When London says they’re going to shut down Uber in London, instantly as a PR professional I know my call down list that I need to reach out to in order of impact on my drivers or my driver pool to minimize the potential defection or impact to the business that that’s going to have. You just keep going down the list, you could talk for an hour about examples like that that are changing the face of crisis management.
Jay Baer: That is a huge advance from where we’ve come from. I love your thinking there, Erik. This idea of having the list of the ready and the list of circumstantial and situational and scenario-driven and it’s ranked ordered by impact. That is a really interesting way to go about a crisis response. I want to take just a second and be back with more from Erik Huddleston from TrendKite in just a second. Just take a second to acknowledge Salesforce Marketing Cloud, longtime sponsor of the show, employer of Mr. Adam Brown and many, many other thousands of smart people. We should acknowledge that they have a downloadable new guide called, "The Business Leader’s Guide to Becoming a Social Business."
It's really interesting document. It shows you how to assess the skills of your current social team, shows you how to track missed opportunities like some of the opportunities that Erik just pointed out just a moment ago. How to position social for real success inside your larger organization and how to analyze the results of your social media, all things that Social Pros listeners should care about. You can get this for free from Salesforce Marketing Cloud by going to bit.ly/socialbusinessguide, that’s bit.ly/socialbusinessguide all lower case. Adam, back to you.
Adam Brown: Jay, thank you, and Erik. It’s so great to have you on the show. One of the things that fascinates me and Jay said at the top of the show was you’ve been in this business for a little while just like Jay and myself and obviously seeing this huge transformation. My curiosity is what is the biggest changes you’ve seen, I would love for you to share with our listeners a little bit about the creation of TrendKite and you’re becoming the CEO and some of the things that you’ve done to lead up to this. You’ve always had such a profound look at marketing and social data but with a PR and communications angle and I think that’s fascinating. What’s the biggest change you’ve seen in your multiple decades of doing this?
Erik Huddleston: The most interesting trend and it’s actually a super recent one is watching tidal evolution in traditional PR practitioner roles inside of organization and the number of PR practitioners whose title now includes either digital or social in addition to something that would be traditionally recognizable by PR like media relations or corporate communications, public relations, et cetera.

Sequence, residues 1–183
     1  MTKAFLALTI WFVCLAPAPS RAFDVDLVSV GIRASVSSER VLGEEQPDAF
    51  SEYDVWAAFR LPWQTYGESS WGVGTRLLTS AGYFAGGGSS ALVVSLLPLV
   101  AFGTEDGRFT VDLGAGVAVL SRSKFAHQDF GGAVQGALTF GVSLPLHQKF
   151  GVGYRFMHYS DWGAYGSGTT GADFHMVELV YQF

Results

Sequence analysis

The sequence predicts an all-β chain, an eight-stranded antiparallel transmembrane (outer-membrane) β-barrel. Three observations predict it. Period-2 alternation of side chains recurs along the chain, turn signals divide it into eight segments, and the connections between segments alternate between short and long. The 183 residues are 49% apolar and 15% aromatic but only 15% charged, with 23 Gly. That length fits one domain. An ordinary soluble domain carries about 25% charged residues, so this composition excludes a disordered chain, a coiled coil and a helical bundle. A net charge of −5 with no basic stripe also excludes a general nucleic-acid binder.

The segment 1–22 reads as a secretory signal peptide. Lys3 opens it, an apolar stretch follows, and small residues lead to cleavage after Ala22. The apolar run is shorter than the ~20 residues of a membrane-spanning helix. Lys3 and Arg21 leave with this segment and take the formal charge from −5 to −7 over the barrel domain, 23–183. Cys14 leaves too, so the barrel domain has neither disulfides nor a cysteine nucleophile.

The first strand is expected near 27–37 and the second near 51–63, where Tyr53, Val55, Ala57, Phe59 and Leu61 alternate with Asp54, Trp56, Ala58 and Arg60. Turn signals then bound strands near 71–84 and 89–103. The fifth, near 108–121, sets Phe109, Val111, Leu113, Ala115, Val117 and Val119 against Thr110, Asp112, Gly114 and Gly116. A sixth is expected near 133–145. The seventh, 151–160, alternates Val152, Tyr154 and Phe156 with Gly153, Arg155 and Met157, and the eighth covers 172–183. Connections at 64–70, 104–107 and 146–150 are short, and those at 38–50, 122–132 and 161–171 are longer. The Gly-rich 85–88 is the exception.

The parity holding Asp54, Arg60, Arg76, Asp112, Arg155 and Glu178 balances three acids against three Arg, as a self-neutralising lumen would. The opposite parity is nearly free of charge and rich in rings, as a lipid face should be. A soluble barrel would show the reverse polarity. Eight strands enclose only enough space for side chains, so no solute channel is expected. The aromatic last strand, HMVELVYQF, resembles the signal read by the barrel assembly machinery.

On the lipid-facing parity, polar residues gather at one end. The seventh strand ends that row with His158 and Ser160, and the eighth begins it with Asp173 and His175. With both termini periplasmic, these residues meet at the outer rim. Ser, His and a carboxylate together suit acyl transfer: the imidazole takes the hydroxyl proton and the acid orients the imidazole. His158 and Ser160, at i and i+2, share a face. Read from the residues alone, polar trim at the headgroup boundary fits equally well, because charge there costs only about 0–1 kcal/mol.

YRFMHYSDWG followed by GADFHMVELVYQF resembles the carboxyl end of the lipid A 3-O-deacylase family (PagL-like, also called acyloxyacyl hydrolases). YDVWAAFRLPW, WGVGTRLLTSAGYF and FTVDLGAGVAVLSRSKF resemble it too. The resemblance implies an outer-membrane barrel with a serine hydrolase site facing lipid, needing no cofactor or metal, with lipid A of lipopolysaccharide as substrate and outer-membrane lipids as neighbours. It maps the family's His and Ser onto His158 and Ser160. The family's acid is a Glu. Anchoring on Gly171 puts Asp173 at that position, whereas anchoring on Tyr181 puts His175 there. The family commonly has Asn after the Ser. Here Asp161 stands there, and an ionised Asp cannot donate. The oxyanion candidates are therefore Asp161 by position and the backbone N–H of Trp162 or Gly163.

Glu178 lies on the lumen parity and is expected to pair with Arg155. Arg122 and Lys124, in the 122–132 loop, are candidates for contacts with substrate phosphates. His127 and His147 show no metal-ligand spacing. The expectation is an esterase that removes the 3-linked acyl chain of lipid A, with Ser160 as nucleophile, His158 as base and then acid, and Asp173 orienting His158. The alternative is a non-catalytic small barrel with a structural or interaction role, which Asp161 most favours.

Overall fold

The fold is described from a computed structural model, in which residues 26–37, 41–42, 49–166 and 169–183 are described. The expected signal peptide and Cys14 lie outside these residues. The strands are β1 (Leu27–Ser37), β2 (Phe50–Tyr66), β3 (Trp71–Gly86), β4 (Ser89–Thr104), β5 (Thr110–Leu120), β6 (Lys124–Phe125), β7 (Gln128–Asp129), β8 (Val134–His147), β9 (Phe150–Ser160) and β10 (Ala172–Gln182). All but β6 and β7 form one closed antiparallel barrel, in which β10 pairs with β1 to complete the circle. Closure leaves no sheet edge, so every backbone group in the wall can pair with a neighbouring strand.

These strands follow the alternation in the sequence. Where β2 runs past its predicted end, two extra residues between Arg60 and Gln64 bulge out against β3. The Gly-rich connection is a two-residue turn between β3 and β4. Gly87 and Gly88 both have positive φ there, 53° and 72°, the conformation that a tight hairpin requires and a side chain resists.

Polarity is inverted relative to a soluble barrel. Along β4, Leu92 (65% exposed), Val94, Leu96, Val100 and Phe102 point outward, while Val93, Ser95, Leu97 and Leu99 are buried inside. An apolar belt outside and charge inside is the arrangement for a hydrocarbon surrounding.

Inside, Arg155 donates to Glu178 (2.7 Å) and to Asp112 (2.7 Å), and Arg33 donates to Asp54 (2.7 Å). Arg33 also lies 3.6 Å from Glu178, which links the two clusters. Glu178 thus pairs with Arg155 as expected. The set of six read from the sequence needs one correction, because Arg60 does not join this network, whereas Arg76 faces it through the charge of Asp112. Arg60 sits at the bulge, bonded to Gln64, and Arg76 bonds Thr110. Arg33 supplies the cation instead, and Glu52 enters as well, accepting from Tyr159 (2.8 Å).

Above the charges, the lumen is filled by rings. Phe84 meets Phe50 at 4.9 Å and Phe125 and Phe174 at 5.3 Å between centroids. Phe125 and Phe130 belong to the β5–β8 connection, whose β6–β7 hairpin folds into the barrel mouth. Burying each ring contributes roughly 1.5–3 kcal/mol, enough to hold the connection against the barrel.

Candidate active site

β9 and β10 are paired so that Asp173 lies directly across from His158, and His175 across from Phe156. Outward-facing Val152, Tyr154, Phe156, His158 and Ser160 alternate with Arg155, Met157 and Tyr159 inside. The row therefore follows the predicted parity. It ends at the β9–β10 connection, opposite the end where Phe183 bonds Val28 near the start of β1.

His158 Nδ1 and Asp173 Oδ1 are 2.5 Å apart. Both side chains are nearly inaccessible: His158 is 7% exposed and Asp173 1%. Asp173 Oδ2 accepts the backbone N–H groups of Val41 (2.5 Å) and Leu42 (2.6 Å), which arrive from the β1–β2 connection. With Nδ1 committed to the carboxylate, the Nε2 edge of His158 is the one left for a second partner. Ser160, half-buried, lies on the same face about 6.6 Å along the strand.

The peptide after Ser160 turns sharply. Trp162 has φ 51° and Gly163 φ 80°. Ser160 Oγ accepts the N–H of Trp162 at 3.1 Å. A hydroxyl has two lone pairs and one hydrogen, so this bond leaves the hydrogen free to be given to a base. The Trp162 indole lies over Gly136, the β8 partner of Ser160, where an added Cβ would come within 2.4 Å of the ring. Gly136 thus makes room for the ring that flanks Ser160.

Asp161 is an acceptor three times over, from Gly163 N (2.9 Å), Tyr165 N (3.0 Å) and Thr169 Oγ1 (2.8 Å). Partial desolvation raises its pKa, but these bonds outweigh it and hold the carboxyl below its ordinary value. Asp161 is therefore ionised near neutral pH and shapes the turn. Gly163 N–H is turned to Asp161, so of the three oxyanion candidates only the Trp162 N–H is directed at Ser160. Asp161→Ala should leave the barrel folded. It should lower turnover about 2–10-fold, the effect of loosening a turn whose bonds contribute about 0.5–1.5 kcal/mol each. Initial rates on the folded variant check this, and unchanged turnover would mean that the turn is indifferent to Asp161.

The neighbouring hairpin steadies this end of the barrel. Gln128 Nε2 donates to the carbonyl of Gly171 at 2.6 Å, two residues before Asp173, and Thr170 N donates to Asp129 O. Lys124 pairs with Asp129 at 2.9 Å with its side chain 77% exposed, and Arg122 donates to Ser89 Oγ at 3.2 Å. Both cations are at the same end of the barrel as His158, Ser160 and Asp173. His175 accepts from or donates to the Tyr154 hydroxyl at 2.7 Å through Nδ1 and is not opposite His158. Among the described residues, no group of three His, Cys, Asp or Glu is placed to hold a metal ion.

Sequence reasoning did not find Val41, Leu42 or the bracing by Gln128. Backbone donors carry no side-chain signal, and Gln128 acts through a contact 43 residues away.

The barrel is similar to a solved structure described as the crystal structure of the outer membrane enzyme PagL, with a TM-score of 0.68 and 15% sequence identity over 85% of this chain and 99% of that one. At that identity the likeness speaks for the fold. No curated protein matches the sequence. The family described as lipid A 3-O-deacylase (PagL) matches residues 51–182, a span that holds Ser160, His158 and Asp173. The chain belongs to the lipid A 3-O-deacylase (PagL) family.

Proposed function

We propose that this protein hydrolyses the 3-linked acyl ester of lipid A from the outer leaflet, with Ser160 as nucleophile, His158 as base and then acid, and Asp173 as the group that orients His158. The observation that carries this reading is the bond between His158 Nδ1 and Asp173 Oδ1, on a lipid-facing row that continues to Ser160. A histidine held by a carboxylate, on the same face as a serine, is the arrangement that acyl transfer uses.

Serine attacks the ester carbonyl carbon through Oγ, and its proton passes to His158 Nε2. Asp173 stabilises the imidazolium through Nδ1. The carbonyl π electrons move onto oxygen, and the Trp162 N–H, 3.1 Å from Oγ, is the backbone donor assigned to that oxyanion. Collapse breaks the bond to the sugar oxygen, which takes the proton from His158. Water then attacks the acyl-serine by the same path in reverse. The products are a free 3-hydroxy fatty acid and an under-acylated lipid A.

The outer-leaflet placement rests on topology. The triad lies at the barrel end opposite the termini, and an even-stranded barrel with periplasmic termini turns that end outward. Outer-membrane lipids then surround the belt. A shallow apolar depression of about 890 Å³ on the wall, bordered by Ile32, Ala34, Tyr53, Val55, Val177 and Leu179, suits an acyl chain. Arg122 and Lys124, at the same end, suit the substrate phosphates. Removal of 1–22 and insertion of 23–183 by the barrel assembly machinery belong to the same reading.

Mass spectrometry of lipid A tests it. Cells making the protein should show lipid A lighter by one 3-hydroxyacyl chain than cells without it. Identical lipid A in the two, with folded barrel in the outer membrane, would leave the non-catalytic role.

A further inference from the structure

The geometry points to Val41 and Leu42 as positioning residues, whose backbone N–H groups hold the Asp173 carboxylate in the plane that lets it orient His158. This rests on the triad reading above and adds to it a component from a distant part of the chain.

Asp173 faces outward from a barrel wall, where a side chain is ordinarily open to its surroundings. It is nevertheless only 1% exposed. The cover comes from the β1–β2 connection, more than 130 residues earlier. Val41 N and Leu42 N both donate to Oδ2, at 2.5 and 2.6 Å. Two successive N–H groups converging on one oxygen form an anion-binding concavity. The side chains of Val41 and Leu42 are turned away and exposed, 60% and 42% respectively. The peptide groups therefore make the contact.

Jay Baer: Are those title warranted in your opinion?
Erik Huddleston: I think that they’re necessary for the evolution of integrated marketing. It’s such a powerful force for brands and if we don’t find ways to better integrate it to owned media, owned content efforts because basically PR is the anti-owned media has all the same power it’s just you didn’t have all the content creation costs associated with it. You want to be able to capture that value in the same way all of the positive earned media that you get from PR has some particularly when it’s specifically mentioning products and services has very similar, albeit higher credibility in conversion rates characteristics to paid and you ought to be able to better exploit those.
Likewise, the lines between the blogger who writes the review of your product and then talks about it on Twitter, that interplay between earned and shared needs to be actively managed by PR. I think that trend of deeper integration is not only great but it’s necessary. Then if I do look backward farther in time it’s kind of hilarious because as social was first getting off the ground, PR owned social in the vast majority of companies. It was sad and ironic that they as a class, that we as PR professionals just didn’t fully comprehend the business benefits that it can have and it became much more of a digital tool and now we’re starting to see that pendulum balance a little more between the two.
Jay Baer: One of the things we’ve been talking about in this podcast is a lot of kind of a disadvantages of public relations on as you said kind of relinquish the control of those first generation Twitter handles not sometimes kind of understanding that kind of intersection of paid, earned, and owned. There are some things though and I know you agree that PR can do better than nobody else in organization. We’ve talked about storytelling here, we talked about other things. I love from where you stand and when you talk to PR practitioners on the agency side or the corporate side. What are some of things that you see that they are doing again nobody in the organization that can do better?
Erik Huddleston: When your hits are alluded to one of the two big ones, it's relationships and influence and it’s storytelling. PR practitioners are phenomenal at telling stories and building and maintaining relationships. If we get in a better integration of PR with the rest of the organization’s marketing infrastructure, the power of PR practitioners building phenomenal relationships with content creators and amplifiers and then tell the brand story through those channels, they’ll be unstoppable because as we know the nature of social is you can’t control it. I can decide what I’m going to put on my website, I can decide my ad copy, I can’t decide what people are going to say on Facebook. I can’t even always see what people are going to say on Facebook and I can’t tell a long term narrative between the three of them. I think that that’s the superpower of PR and that’s a multiplier on top of all the other activities of an organization.